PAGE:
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Resistance is futile

Hands-on at the exhibit

  • Do the DNA dance – learn how mutations accumulate in an evolution dance mat game
  • Play the antibiotic resistance coconut shy
  • See the future of bacterial DNA sequencing for diagnosing infections

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Using advanced DNA sequencing technology in the fight against superbugs.

Superbugs are on the rise: evolving to become harder to kill with antibiotics. It’s been described as the biggest threat to modern medicine, but there is new hope. At this exhibit find out how 21st century DNA technology could change the way we combat killer infections. 

The rapid advances in speed and accuracy of DNA sequencing technology have expanded the possibilities for its use in healthcare. A team in Oxford is part of a consortium pioneering the study of bacterial DNA. By sequencing the DNA of thousands of different bugs, they aim to uncover why bacteria make us sick, how they spread, and how we can control them. So, instead of spending months growing and testing problem bacteria in the lab, they hope to spot resistance genes in bacterial DNA. This will enable them to quickly pinpoint the right antibiotic for the right germ, and speed up treatment.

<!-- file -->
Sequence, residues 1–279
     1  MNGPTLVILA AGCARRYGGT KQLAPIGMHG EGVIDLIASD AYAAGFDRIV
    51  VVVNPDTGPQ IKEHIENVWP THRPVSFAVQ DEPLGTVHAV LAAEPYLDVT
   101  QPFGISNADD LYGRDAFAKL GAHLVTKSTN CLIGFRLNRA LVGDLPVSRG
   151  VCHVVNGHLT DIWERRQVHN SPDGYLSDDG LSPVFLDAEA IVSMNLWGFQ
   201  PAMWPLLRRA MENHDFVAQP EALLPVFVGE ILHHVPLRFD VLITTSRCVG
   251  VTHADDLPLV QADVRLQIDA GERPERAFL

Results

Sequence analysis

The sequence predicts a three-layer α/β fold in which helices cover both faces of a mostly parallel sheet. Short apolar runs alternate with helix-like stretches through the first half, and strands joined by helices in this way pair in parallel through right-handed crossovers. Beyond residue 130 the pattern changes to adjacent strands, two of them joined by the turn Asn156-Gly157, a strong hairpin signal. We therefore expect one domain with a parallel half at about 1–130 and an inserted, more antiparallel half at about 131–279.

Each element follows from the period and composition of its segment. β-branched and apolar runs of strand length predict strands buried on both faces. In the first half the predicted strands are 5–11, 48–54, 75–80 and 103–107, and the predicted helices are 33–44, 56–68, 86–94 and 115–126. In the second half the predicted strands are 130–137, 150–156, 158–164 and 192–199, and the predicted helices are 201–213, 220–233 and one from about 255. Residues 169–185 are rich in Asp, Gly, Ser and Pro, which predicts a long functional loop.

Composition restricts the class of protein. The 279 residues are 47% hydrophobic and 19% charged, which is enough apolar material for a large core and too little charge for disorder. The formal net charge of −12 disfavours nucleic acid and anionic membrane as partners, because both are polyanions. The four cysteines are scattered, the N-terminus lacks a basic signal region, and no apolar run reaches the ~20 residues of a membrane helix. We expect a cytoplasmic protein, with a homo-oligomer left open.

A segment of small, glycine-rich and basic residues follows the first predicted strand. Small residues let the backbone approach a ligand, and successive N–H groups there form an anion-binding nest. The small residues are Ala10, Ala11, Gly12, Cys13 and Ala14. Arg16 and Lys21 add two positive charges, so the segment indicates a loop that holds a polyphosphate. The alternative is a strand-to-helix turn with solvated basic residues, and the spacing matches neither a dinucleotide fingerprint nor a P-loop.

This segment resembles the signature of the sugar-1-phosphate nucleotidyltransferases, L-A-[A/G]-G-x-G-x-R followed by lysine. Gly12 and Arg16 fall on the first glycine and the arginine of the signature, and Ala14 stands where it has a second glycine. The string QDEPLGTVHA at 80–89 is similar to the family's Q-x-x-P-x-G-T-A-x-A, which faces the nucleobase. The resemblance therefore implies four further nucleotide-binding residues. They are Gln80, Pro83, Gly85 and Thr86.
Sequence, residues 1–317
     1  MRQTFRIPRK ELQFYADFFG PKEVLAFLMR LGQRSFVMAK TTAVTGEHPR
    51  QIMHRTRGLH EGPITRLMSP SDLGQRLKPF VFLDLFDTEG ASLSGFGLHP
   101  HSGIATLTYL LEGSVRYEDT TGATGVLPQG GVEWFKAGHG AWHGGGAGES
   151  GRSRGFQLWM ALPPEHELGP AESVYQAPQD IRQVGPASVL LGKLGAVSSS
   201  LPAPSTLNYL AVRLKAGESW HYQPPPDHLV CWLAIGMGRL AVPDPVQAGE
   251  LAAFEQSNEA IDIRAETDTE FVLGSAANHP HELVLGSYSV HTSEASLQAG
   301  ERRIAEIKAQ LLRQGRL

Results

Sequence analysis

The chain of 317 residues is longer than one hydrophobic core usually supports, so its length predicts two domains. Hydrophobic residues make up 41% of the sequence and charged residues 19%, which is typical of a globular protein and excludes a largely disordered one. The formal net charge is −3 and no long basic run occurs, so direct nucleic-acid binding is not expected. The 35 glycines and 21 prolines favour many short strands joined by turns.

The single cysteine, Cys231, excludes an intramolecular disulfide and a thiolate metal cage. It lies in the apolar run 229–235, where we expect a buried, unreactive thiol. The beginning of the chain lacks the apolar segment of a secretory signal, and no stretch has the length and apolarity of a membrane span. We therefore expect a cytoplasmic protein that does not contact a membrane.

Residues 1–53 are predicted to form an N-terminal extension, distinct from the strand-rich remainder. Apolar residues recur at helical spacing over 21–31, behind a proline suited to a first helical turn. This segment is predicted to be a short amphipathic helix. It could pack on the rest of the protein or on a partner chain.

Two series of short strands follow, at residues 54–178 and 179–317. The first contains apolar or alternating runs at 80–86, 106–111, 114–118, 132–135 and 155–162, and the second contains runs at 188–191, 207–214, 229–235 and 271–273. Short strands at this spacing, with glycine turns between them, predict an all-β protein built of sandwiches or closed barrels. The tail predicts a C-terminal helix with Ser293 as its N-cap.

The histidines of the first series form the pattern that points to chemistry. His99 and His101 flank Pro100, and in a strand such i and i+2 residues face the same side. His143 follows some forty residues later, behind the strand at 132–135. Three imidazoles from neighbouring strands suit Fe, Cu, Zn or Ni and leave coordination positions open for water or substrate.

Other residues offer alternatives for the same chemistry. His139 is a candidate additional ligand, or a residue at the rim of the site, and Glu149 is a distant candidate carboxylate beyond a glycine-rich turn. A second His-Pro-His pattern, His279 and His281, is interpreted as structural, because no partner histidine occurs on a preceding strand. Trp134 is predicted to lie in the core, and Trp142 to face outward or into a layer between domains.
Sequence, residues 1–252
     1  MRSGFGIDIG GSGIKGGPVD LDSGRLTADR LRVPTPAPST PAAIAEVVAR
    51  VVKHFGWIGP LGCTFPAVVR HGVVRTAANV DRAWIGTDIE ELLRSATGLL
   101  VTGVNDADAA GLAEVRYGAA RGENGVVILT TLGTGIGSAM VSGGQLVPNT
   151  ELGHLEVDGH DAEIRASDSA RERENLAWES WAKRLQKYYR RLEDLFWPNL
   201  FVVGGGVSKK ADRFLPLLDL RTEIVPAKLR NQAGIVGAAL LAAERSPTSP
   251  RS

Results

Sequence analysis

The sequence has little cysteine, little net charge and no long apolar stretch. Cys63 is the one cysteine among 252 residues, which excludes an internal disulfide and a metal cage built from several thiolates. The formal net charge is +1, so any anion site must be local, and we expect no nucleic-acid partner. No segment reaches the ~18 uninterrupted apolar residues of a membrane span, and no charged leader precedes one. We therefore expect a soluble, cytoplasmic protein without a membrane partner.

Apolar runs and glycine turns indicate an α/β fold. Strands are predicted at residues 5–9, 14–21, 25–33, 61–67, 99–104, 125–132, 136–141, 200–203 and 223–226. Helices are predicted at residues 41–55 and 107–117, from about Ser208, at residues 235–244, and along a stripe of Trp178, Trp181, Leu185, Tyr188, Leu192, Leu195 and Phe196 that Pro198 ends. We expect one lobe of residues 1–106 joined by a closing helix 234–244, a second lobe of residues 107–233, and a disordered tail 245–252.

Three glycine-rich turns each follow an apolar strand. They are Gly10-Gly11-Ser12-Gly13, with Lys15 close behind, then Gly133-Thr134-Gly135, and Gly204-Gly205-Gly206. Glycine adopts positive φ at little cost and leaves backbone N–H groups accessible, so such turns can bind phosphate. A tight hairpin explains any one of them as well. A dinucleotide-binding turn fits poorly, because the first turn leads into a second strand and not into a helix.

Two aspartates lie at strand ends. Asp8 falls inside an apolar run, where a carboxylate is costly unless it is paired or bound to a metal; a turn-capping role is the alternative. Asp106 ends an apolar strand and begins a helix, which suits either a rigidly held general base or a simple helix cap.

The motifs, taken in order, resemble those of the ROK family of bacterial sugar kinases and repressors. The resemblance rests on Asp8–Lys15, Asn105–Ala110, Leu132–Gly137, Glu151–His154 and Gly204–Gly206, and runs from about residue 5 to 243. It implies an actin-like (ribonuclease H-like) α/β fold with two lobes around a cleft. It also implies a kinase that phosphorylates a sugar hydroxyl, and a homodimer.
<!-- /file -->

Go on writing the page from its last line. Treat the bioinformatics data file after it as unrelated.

Find out more about CRyPTIC and Modernising Medical Microbiology.

Presented by Bill & Melinda Gates Foundation Trust, Medical Research Council, National Institute of Health Research, National Institute of Health Research Oxford Biomedical Research Centre, Natural Environment Research Council, Nuffield Department of Medicine, Oxford Nanopore Technologies, Wellcome Trust, The Royal Society, Minnac Marketing Consultancy Ltd, Gareth Jenkins-Jones and Adele Grindon.